*1122 Mr. Hay was familiar with at least one of National Beryllia's publications in 1961 describing the thermal conductivity of beryllium oxide as it related to its purity. At about the same time that he received the first core samples from National Beryllia, Hay also received a graph illustrating the thermal conductivity of Beryllia in relation to its beryllium oxide content. (Deft. Ex. A-12). One of the vital claims in the 090 patent is the use of "said beryllium oxide comprising at least 90 percent by weight of said insulative core." (Column 3, lines 39 and 40).

Hay's use of beryllium oxide was the result of a suggestion by a salesman, what he observed at a public trade show, and the published material of the plaintiff's supplier of beryllium oxide cores, National Beryllia Corporation. In short, it was the prior art, consisting of the National Beryllia publications, particularly the graph, that made the use of beryllium oxide cores obvious to Mr. Hay. The fact that the plaintiff was the first one to use beryllium oxide rods as cores in electrical resistors does not mean that such use was not obvious. It merely means that Hay was the first to recognize its obviousness. Plaintiff argues that Hay's use of beryllium oxide is analogous to the battery situation in United States v. Adams, 383 U.S. 39, 86 S. Ct. 708, 15 L. Ed. 2d 572 (1966). I find Adams inapposite. This is certainly not a situation of combining old materials in new ways. This was purely the substitution of one material for another, i. e., beryllium oxide for steatite or alumina. And the new material was already well-known. It was the National Beryllia's graph that disclosed that the higher the purity of beryllium oxide, the greater would be its heat dissipating qualities. The adaption by Hay of beryllium oxide was obvious to him and would have been to anyone skilled in the art. He simply took a commercially available product that lived up to its advertised claims and used it as a core material. All that Dale does is use beryllium oxide of high purity as a core in the same way that other core materials have been used in the past.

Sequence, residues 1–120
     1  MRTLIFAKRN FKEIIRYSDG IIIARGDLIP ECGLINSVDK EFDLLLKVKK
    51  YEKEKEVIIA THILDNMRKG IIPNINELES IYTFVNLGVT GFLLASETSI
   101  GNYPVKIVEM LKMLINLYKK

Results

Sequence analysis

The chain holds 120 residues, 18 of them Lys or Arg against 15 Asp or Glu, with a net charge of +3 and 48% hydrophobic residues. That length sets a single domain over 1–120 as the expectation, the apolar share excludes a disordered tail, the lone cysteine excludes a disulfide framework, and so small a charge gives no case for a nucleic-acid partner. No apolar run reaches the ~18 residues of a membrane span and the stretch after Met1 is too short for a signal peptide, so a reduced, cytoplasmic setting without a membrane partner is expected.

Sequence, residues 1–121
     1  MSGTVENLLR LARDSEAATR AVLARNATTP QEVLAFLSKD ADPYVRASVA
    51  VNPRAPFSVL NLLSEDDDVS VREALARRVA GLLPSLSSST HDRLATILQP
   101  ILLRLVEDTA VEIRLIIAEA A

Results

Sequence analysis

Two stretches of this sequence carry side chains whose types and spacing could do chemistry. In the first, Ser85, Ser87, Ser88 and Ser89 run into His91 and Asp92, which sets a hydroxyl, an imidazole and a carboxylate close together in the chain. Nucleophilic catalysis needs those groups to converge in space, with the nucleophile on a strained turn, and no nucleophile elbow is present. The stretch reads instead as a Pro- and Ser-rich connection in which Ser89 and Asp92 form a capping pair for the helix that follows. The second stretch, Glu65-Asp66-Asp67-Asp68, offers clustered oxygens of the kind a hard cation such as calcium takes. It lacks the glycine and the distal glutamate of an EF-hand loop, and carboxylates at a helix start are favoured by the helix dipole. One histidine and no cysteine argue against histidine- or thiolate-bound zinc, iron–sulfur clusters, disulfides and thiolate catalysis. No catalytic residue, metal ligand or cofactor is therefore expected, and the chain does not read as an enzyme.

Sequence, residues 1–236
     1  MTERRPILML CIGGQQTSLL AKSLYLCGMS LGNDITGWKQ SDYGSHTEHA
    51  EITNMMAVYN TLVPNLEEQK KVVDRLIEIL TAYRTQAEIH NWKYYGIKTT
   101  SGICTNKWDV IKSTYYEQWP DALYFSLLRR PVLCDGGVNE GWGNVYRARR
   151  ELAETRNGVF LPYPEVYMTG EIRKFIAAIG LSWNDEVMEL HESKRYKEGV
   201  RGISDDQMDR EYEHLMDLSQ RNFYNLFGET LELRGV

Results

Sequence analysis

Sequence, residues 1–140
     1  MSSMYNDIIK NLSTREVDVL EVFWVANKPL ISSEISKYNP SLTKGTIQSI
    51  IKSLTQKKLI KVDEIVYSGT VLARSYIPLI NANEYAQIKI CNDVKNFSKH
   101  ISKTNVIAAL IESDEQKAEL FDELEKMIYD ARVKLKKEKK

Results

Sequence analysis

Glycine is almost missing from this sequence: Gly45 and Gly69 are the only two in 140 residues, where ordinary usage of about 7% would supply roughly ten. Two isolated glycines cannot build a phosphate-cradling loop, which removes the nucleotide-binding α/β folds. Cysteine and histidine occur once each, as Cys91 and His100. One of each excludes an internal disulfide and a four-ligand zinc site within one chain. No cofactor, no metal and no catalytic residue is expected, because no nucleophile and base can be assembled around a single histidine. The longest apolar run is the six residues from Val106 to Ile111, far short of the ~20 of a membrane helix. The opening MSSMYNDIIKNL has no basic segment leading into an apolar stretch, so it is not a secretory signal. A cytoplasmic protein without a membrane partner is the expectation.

I rule that the 090 patent is invalid because of obviousness.

2. Hay As Inventor